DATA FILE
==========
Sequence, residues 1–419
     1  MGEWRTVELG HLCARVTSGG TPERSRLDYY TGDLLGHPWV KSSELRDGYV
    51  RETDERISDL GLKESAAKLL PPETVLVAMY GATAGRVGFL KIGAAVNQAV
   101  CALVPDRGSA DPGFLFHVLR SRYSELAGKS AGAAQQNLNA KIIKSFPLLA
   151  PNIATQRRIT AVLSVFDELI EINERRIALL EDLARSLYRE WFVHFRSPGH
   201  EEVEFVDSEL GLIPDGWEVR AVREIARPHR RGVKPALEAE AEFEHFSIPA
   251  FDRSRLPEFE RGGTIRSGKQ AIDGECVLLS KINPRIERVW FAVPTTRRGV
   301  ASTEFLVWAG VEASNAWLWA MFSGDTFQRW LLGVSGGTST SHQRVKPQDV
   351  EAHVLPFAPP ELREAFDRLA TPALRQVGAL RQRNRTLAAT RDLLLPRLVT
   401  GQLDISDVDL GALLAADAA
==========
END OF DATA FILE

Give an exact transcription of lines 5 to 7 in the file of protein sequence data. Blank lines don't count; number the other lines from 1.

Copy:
   151  PNIATQRRIT AVLSVFDELI EINERRIALL EDLARSLYRE WFVHFRSPGH
   201  EEVEFVDSEL GLIPDGWEVR AVREIARPHR RGVKPALEAE AEFEHFSIPA
   251  FDRSRLPEFE RGGTIRSGKQ AIDGECVLLS KINPRIERVW FAVPTTRRGV